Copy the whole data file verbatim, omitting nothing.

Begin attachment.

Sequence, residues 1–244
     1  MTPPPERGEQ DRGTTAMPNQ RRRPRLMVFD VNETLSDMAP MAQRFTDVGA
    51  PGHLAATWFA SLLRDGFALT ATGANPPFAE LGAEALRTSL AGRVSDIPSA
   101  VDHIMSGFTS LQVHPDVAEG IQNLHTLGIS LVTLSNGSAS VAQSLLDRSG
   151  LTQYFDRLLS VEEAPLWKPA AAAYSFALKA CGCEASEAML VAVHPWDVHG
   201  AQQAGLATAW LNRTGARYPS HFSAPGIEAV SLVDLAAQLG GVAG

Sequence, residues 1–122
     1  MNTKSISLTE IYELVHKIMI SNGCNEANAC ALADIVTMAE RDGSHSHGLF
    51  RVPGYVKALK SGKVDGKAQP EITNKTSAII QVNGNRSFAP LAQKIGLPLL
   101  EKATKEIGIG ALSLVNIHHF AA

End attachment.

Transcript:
Sequence, residues 1–244
     1  MTPPPERGEQ DRGTTAMPNQ RRRPRLMVFD VNETLSDMAP MAQRFTDVGA
    51  PGHLAATWFA SLLRDGFALT ATGANPPFAE LGAEALRTSL AGRVSDIPSA
   101  VDHIMSGFTS LQVHPDVAEG IQNLHTLGIS LVTLSNGSAS VAQSLLDRSG
   151  LTQYFDRLLS VEEAPLWKPA AAAYSFALKA CGCEASEAML VAVHPWDVHG
   201  AQQAGLATAW LNRTGARYPS HFSAPGIEAV SLVDLAAQLG GVAG

Sequence, residues 1–122
     1  MNTKSISLTE IYELVHKIMI SNGCNEANAC ALADIVTMAE RDGSHSHGLF
    51  RVPGYVKALK SGKVDGKAQP EITNKTSAII QVNGNRSFAP LAQKIGLPLL
   101  EKATKEIGIG ALSLVNIHHF AA